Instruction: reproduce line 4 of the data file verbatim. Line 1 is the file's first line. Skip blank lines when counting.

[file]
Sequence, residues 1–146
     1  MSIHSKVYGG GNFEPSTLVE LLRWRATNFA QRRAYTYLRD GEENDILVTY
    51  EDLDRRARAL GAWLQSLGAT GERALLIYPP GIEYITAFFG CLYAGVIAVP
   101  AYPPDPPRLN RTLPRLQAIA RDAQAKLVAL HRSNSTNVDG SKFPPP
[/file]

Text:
   101  AYPPDPPRLN RTLPRLQAIA RDAQAKLVAL HRSNSTNVDG SKFPPP